The idea of a program called „Miserere Mei - The Precarious Trails to the Library of Preachers” grew out of an interesting thought experiment: is it possible to use modern tools to create a type of game, namely a text-based adventure game, once popular in the early days of computing that's enhanced with some of the features of video games published in the new millennium? "Miserere Mei" is an adventure game written in Java that I developed between September 2020 and late October 2020.
I developed the software as a thesis project fo the software developer NQR course organized by OKTÁV PLC.
The game is set in the postapocalyptic world of the 2050's, in the Land of Desolation. The player controls a mercenary called Cantus Planus who gets a task from an old priest, Gregorio. According to the brief the soldier has to escort five youngsters: Altus, Tenor, Bassus and the Superia sisters to the Library of Preachers so that the librarians can record for posterity the music living in them and through them.
We follow their mission through a wild desert full of dangers, while Falsetto, the evil and ruthless warlord, learns about their task and wants to foil their plan. So the goal of the player is to lead the main characters safely to the Library of Preachers.
The game also build on the player taking risks: they can take the easier route if they want to, but they also have the choice to take greater risks and reap grater rewards.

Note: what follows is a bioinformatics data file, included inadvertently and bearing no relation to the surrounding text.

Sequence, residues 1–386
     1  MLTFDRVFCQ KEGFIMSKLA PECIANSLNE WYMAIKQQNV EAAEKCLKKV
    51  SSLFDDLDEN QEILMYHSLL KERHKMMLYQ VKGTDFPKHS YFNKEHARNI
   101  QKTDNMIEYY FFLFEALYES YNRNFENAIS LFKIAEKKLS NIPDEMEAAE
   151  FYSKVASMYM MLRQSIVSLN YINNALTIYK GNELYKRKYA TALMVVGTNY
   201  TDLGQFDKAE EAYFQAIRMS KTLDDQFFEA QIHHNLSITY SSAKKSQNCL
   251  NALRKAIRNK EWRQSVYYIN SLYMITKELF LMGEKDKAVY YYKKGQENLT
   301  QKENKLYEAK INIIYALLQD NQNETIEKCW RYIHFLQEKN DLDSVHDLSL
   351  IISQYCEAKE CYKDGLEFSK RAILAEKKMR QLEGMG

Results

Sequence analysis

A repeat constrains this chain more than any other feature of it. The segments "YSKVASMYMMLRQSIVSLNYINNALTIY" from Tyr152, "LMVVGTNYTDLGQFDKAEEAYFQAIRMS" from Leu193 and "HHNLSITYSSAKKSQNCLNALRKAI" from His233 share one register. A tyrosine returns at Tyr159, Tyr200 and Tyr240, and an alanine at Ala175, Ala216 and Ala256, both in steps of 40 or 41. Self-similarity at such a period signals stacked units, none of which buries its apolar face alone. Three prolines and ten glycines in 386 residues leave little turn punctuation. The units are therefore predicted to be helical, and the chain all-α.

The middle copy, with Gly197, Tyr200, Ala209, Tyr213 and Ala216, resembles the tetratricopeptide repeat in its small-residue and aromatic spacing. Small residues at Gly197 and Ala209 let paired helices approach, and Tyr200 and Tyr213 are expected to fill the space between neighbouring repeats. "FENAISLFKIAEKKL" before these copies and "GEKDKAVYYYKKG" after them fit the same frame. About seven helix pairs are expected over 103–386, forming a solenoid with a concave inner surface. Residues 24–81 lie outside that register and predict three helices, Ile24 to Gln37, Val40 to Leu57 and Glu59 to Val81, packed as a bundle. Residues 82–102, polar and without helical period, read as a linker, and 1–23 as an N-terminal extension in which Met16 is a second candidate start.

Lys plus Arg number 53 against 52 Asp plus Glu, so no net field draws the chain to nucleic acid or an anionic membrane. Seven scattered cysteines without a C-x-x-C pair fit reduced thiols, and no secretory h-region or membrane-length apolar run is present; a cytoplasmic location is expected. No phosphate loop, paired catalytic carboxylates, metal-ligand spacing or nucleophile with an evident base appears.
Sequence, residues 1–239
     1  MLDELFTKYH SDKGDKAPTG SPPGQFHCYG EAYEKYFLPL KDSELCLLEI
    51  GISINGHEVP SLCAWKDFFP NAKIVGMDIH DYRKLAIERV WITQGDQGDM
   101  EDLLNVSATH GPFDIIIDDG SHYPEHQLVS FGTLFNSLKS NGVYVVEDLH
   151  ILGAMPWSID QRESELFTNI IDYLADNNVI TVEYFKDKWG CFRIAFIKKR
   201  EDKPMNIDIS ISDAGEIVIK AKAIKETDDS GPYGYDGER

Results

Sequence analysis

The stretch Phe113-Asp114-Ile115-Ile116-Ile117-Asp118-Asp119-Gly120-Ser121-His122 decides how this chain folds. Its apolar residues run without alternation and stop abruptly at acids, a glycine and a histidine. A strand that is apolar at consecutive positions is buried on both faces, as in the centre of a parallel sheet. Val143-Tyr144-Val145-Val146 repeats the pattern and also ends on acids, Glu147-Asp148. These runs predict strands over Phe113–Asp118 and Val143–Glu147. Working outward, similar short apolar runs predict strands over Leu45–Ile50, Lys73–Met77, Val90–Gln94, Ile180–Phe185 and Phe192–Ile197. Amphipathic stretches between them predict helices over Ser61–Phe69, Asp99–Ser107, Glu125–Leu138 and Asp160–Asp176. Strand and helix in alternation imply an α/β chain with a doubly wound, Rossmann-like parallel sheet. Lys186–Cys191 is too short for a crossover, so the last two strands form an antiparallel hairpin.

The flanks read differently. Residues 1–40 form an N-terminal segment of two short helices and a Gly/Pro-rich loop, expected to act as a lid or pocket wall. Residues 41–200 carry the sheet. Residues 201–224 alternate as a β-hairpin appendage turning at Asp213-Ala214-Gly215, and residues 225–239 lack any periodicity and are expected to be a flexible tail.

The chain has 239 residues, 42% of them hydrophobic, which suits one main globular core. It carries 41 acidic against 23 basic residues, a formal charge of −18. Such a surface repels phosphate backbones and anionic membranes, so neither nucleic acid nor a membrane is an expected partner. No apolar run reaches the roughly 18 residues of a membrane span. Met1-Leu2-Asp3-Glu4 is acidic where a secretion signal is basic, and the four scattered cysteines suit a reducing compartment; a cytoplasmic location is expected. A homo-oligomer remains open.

The game's stlye is influenced by the tradition of classic flipbooks and text-based adventure games of the early 90's. This means that there is a safe route and that the player has to engage in fights and the player's choices have a cruical role in the gameplay.
The game can be completed in about half an hour if the player takes the appropriate route, however, the planned side quests and secondary locations have not been added yet.
The software is currently on version 0.8.
The software was written in Java and made entirely in Apache NetBeans IDE, version 12.1 with version 15 of the Java SE Development Kit (JDK).I chose this programming language because of its platform-independence and widespread use, as well as because one of my goals as a software developer is to write programs in this language.
Writing the software required the installation of NetBeans' own Java compiler too ("The nb-javac Java editing support library [2.0]”).
For developing the user interface of the game engine I used the "Abstract Window Toolkit" (java.awt) and the library for reading and writing files (java.io) from the Java component libraries.
For sound support I used the "javax.sound" library, while for logos and pictures I used the "javax.swing" component collection.
I created the map of the in-game world using the paid-for version of "Inkarnate" (https://inkarnate.com/).The map was made in two different levels of detail: one, less detailed version for the player and a programmer's version on which all the battles, save points, user paths and crossroads requiring the player to make a decision were indicated.
The UML class diagrams in the development documentation were made with ObjectAid UML Explorer, version 1.2.4. and the UML activity diagrams were made with the online version of Creately (www.creately.com).
At the end of the development process the software was exported as a JAR file.